During my mental training, now about 7 years ago, I remember very well that my coach Roy was very strange. “Stiff in it, limp out with a white drop on it” is what he said during a training evening. Oh my God. At first I thought I didn't understand. He repeated it and asked me what I thought when I heard it. Red head and I was a little giggling along with the others and did not want to say it out loud. I thought it was a trick question or a test. The others in the group also became floury and giggling. What a crazy man. It sounded a little vulgar for serious training. “That's not what a teacher says?”
This one little sentence has taught me so much. Here I was directly confronted with my own assessment and interpretation and my reaction and behaviour. I became aware that I was looking for the answer my coach wanted to hear, or rather what I thought the master wanted to hear. That's how it used to be in school. I wanted to give the right answer, but then what's good? Is there even a right or a mistake? I wanted to give the right answer, because I was always a streak and had to be the best of my class. “What exactly does this man want from me? Hopefully not stiff in it and limp out”, I thought to myself. I felt uncomfortable and giggled it away and hoped that the attention would go to one of the others. I went on the mealy tour, because that was my familiar mechanism, laughing away and joking. Looking back, I had a certain expectation of how a teacher should be or should speak. All pre-filled expectations and this turned out to be completely different. I automatically assumed that what I thought was the same as what my coach meant. It rained insights, not at that time, but much later. Even if I dwell on that moment again, I get extra insights. That is very special. So powerful.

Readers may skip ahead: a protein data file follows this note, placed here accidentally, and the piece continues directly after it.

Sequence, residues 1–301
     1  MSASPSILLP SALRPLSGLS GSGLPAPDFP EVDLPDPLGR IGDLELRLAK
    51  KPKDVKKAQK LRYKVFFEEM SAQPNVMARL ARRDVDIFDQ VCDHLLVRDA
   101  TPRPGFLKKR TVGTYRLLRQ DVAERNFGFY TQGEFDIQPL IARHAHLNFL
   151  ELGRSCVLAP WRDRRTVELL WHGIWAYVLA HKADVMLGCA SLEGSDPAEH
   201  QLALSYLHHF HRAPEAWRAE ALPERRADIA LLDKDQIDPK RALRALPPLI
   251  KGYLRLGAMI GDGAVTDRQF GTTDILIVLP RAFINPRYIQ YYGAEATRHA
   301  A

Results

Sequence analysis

Roy brilliantly set up mental training. Every time I do this again or can assist in a new group or participate in the monthly open evenings I learn more about myself again. The handles I received in this training, I still apply daily in my work or in my personal life. Eventually it became clear to me that I was the subject of my training. I learned how to deal with myself under any circumstance. I learned how to process information and communicate and respond. What do I respond to and how come I respond in this way are questions that I continuously asked 'in' and to which I found answers. I learned that others are different, think differently. I learned that not everything is what it seems or what I think it is. How I see things doesn't have to be the same as how the other person does it. It is only my reality and so the other has his reality.
Morality of the story is that Roy finally talked about a breadstem dipped in a glass of milk! Wow, I was wrong. What I thought says a lot about how I think, associate, fill and filter, but little about Roy. The assessment I finally have is mine. Roy and I were clearly not talking about the same thing. This was an eye-opener because at that time I learned that there are more ways and forms than just what I knew. That was also an option, which apparently I had ruled out. I learned how to filter, select and choose. In any form of communication these filters play along and that's fine, but being aware and aware that the other person you communicate with is really great. I know now that I have to verify and check if I and my interlocutor are talking about the same thing instead of cheerfully talking past each other and thinking we're talking about the same thing. It gives so much more peace and meetings or conversations become cleaner and more effective. Simple questions like “What exactly do you mean? What do you mean by that? What do you expect? What does it mean to you? 'can remove the noise very quickly. I try to make as few assumptions as possible and fill in myself.
Every day and everywhere I often see cases 'Stiff in it, limp out'. How many times have you talked about that breadstick and the other one about something else? Miscommunication can be avoided quite simply. I do notice that when I verify or return what I have understood and ask if I have understood it correctly, the reactions are very diverse. Regularly this even raises irritations in people, because they think I haven't listened and instead of confirming things like “Yes I just told you, I have to tell you again now!”. This is kind of humor. I sometimes think, “Well, what would you prefer, that I proceed with my assessment of what I think you meant, or should I just fill it out and make assumptions?”.